Additional safety rules for circular saws
a) Keep hands away from cutting area and the blade.
Keep your second hand on auxiliary handle, or motor
housing. If both hands are holding the saw, they
cannot be cut by the blade.
b) Do not reach underneath the workpiece. The guard
cannot protect you from the blade below the
c) Adjust the cutting depth to the thickness of the
workpiece. Less than a full tooth of the blade teeth
should be visible below the workpiece.
d) Never hold piece being cut in your hands or across
your leg. Secure the workpiece to a stable platform. It
is important to support the work properly to minimize
body exposure, blade binding, or loss of control.
e) Hold power tool by insulated gripping surfaces when
performing an operation where the cutting tool may
contact hidden wiring or its own cord. Contact with a
“live” wire will also make exposed metal parts of the
power tool “live” and shock the operator.
f) When ripping always use a rip fence or straight edge
guide. This improves the accuracy of cut and reduces
the chance of blade binding.
g) Always use blades with correct size and shape
(diamond versus round) of arbour holes. Blades that
do not match the mounting hardware of the saw will
run eccentrically, causing loss of control.
h) Never use damaged or incorrect blade washers or bolt.
The blade washers and bolt were specially designed
for your saw, for optimum performance and safety of
Causes and operator prevention of kickback:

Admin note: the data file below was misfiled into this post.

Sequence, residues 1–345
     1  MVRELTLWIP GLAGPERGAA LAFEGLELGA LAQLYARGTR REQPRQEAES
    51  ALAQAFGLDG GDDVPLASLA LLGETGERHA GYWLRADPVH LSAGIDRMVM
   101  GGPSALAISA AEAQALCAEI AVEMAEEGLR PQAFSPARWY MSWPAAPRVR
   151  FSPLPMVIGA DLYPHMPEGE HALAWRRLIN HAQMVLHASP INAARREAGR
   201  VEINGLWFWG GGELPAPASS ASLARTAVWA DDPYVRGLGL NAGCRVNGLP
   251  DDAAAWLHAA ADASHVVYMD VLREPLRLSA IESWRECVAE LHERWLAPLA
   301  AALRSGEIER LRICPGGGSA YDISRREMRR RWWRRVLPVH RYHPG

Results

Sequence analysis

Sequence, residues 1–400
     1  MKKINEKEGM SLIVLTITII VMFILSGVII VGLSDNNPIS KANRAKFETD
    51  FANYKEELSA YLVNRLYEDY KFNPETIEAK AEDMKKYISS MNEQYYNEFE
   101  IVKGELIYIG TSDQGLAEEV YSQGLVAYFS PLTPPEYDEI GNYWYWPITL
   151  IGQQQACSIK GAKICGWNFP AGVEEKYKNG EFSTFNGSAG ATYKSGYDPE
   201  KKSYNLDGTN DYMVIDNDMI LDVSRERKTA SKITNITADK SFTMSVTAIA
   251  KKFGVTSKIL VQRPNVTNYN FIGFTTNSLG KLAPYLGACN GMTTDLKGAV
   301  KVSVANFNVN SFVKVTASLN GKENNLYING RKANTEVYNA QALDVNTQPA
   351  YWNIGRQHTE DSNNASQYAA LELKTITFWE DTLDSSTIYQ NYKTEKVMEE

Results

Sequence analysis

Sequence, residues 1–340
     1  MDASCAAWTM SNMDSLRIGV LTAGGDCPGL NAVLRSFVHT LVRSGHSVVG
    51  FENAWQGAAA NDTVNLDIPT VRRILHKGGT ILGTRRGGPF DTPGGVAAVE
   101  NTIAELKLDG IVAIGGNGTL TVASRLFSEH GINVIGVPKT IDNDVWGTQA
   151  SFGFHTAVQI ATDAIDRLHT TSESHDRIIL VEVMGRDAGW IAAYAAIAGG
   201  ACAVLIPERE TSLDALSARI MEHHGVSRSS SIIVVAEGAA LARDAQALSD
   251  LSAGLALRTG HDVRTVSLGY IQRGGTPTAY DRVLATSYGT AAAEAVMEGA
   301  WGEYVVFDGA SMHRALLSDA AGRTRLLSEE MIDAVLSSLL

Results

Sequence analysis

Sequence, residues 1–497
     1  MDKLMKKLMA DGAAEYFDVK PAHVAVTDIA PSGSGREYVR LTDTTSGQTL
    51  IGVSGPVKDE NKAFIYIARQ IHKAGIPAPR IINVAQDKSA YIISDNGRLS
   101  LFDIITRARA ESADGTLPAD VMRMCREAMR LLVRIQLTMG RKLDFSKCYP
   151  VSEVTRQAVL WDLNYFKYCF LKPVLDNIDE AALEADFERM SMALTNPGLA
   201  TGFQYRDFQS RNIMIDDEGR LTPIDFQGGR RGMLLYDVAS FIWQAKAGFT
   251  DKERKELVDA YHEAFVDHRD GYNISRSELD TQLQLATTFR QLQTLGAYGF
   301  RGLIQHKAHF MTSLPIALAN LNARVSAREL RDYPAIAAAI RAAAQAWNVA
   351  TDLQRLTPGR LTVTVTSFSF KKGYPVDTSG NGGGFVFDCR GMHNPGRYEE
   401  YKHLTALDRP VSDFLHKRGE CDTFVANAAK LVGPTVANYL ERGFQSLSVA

• Kickback is a sudden reaction to a pinched, bound or
misaligned saw blade, causing an uncontrolled saw to
lift up and out of the workpiece toward the operator;
• When the blade is pinched or bound tightly by the kerf
closing down, the blade stalls and the motor reaction
drives the unit rapidly back toward the operator;
• If the blade becomes twisted or misaligned in the cut,
the teeth at the back edge of the blade can dig into
the top surface of the wood causing the blade to climb
out of the kerf and jump back toward the operator.
Kickback is the result of saw misuse and/or incorrect
operating procedures or conditions and can be avoided by
taking proper precautions as given below.
a) Maintain a firm grip with both hands on the saw and
position your arms to resist kickback forces. Position
your body to either side of the blade, but not in line
with the blade. Kickback could cause the saw to jump
backwards, but kickback forces can be controlled by
the operator, if proper precautions are taken.
b) When blade is binding, or when interrupting a cut
for any reason, release the trigger and hold the saw
motionless in the material until the blade comes to a
complete stop. Never attempt to remove the saw from
the work or pull the saw backward while the blade
is in motion or kickback may occur. Investigate and
take corrective actions to eliminate the cause of blade
c) When restarting a saw in the workpiece, centre the
saw blade in the kerf and check that saw teeth are not
engaged into the material. If saw blade is binding, it
may walk up or kickback from the workpiece as the
saw is restarted.
d) Support large panels to minimise the risk of blade
pinching and kickback. Large panels tend to sag under
their own weight. Supports must be placed under the
panel on both sides, near the line of cut and near the
edge of the panel.